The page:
Easy method using the OPOS techniques of layering and flash cooking
Coimbatore is one of my favorite cities. I love the people of Coimbatore, who are known for their enterprising nature and the respect they show to their fellow people. During my visits to Coimbatore, its almost imperative for me to pay breakfast respects at Hotel Annapoorna. Their hot ghee dosas dunked in their special sambar is good enough reason for a foodie like me to visit this quaint city often !
When my dear friend Suguna aka Kannamma , posted the recipe of Annapoorna tiffin sambar, hundreds and thousands of people validated it with rave reviews ! I tried the recipe using the core OPOS (One Pot One Shot) techniques of layering and flash cooking. I was amazed at the result and plan on taking full advantage of this yummy sambar to bowl over people during dinners and lunches !
First, what is flash cooking and layering? The OPOS cookbook describes,
Flash cooking as no or minimum water cooking at high heat for a short time
Layering as arranging ingredients layer by layer inside a cooker
By using minimum water and cooking at high heat, we are able to retain the color and flavors of the ingredients beautifully. Technically, “grinding” does not qualify as OPOS, but this recipe involves making (grinding) a sambar masala. I could have used a bunch of dry masalas and pastes as substitutes, but chose not to do that to do full justice to the original recipe. Also, freshly ground masalas have their own charm. Therefore, this recipe loses the tag of OPOS 🙂 You lose some to gain some ! Here are the steps to making the sambar,
We will need cooked tur dal for this recipe.
Pre-cooked dal is a staple in most of the OPOSers refregirators. I swear, I did not invent this word “OPOSers” on the fly, there are a few hundred people who OPOS their meals everyday. Its a great idea to cook dal in bulk and store it in the refrigerator to make dals, sambars and rasam in a jiffy. Dals store well in fridge at least for 7-10 days. If you don’t have pre-cooked dal, cook 1/2 cup of tur dal in 2 cups of water with 1/4 teaspoon turmeric powder and set aside.
Next we will go on to making the sambar masala. For this, heat 2 teaspoons of oil in a kadai or pan and add, 2 teaspoon coriander seeds, ½ teaspoon cumin seeds, 5 black pepper corn, 5 fenugreek seeds, 2 tablespoon chana dal, 1 tablespoon urad dal and roast till the dals turn golden brown. Make sure to saute in a low flame to avoid burning. Now, add 4 dry red chilies and saute for a min. Switch off the flame and add the following – ¼ teaspoon asafoetida, 3 tablespoon coconut pieces/scrappings, 2 teaspoons jaggery and gooseberry size tamarind and saute in the retained heat for a minute. Cool the ingredients and grind it into a slightly coarse paste.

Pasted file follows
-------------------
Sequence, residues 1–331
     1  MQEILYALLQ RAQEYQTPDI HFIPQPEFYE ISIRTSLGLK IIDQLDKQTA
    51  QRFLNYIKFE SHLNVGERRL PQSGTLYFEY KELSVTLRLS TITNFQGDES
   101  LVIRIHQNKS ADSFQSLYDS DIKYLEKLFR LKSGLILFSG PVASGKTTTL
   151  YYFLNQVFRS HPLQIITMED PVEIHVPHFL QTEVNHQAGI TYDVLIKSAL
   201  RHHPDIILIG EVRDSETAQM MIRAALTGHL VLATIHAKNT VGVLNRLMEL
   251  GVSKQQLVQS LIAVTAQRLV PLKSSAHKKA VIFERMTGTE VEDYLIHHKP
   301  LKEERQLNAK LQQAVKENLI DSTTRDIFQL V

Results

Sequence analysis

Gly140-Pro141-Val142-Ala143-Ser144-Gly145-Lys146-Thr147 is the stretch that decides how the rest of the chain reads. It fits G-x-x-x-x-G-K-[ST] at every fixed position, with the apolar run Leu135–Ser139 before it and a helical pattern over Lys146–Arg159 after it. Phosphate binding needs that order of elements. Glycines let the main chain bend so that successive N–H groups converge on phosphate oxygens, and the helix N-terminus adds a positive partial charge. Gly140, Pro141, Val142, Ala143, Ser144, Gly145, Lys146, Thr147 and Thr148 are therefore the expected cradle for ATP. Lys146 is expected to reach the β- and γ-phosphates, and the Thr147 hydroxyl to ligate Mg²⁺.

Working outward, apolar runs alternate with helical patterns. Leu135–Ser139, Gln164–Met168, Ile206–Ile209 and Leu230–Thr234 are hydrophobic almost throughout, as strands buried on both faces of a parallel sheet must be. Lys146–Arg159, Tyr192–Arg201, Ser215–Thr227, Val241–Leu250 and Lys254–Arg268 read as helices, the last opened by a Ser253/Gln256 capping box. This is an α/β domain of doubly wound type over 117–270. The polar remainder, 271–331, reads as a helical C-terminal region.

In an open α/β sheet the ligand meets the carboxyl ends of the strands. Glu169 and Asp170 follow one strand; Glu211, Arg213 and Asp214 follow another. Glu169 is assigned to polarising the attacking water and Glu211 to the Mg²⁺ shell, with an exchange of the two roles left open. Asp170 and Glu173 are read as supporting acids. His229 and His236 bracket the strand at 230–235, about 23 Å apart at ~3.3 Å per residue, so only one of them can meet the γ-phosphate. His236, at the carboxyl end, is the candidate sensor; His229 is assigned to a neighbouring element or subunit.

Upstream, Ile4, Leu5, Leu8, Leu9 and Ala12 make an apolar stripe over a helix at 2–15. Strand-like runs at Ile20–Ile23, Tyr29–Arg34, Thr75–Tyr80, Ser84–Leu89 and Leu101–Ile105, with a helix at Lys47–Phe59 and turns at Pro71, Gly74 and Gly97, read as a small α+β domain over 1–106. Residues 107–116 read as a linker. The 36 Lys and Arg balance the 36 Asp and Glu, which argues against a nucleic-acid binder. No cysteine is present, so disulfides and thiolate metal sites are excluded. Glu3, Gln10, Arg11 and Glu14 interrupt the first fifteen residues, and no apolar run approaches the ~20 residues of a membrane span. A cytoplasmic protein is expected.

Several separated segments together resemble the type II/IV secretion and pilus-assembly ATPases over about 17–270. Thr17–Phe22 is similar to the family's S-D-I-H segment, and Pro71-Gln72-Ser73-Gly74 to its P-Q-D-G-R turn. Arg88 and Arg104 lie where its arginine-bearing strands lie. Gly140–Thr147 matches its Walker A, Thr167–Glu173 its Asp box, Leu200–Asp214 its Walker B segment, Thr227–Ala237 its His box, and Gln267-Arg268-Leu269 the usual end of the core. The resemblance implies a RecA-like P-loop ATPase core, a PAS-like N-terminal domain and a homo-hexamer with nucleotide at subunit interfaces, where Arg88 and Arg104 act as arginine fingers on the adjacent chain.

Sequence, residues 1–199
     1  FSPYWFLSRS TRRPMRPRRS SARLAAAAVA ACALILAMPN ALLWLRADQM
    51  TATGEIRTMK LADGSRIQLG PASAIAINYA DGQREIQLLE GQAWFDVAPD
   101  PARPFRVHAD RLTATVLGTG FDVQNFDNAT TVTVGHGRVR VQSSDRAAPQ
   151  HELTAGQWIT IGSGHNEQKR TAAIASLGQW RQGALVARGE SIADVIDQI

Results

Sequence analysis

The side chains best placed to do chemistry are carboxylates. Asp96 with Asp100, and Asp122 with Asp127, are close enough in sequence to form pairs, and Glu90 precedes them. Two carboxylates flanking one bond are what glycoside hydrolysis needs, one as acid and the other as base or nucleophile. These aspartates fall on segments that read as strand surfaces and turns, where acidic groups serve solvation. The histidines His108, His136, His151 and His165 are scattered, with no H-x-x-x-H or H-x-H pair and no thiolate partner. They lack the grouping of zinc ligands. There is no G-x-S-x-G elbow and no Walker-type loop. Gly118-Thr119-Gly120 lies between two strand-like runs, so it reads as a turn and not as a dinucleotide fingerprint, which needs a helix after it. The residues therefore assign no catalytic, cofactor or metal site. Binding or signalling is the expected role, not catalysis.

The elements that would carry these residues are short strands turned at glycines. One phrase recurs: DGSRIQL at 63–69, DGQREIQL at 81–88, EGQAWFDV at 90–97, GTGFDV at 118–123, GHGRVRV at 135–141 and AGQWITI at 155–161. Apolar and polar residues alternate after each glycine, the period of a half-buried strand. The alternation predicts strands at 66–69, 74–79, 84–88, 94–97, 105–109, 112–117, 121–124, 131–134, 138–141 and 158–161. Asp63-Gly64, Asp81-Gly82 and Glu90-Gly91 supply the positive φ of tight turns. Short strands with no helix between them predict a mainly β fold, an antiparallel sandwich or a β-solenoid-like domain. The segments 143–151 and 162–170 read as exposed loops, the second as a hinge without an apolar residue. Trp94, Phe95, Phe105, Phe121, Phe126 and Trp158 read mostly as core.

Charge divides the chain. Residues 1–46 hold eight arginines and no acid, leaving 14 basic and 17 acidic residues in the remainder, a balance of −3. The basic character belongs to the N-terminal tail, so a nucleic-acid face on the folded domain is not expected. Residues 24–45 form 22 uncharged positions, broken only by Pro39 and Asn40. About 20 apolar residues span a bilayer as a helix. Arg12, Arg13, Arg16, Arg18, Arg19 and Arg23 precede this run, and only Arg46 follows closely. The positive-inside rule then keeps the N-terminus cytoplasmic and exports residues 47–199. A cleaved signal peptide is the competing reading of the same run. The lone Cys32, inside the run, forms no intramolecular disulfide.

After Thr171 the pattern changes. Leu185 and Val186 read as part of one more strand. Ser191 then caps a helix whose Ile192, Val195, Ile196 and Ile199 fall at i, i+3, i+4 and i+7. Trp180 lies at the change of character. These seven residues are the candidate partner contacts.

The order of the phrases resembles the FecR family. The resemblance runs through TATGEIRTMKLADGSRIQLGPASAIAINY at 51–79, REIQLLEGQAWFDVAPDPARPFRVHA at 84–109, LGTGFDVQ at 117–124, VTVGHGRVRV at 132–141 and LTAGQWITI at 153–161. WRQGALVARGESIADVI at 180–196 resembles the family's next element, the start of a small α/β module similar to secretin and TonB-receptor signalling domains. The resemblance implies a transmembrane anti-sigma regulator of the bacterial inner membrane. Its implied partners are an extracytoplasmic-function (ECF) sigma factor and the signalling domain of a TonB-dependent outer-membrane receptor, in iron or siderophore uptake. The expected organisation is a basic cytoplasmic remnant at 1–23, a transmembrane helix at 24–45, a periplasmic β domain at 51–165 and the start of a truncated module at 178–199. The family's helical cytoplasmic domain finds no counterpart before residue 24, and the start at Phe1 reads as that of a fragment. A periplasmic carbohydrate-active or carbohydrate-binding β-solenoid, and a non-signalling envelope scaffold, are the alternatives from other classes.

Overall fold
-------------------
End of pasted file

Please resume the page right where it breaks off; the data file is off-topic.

Next, wash and chop the following vegetables – 2 drumsticks, 10 shallots, 1 Onion and 1 tomato.
Now, let us start layering,
Layer 1 – In a 2 liter Pressure cooker, add 3 teaspoons each of oil and water. Add the chopped vegetables.
Layer 2 – Add the cooked dal over the vegetables,
Layer 3 – Add the ground sambar masala paste on top of the dal,
Add 1 1/2 teaspoon salt. Cook on a high flame in a gas stove or at 1200 w in an induction stove for exactly 2 whistles. This should take you approximately 5 – 6 minutes. Even if you don’t get the whistles switch off the stove after the 6th minute. Release the pressure manually and open the pressure cooker.
On opening, the sambar will look somewhat like this… Don’t lose heart ! Proceed…
Now mix in the sambar well. At this stage you can chose to add 1/2 cup water to liquidize the sambar a bit. I did it as I found it to be a bit thick for my taste. This is totally optional.
Kannamma recommends the following tadka for this sambar – Heat 1 teaspoon of oil in a kadai, add 1/2 teaspoon of mustard seeds, 2 sprig of curry leaves and switch off. Add 1/2 teaspoon of chili powder. Pour this over the sambar as tadka. Also, you can add 1/2 teaspoon of ghee. Garnish with finely chopped cilantro.